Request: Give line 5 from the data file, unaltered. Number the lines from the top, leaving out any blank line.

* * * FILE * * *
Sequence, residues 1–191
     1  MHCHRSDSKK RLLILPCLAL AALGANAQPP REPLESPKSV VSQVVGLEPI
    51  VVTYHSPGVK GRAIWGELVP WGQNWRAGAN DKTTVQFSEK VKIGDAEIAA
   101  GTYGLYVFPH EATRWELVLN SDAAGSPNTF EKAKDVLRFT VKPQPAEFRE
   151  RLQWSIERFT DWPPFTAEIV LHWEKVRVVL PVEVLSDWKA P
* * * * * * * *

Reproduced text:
   151  RLQWSIERFT DWPPFTAEIV LHWEKVRVVL PVEVLSDWKA P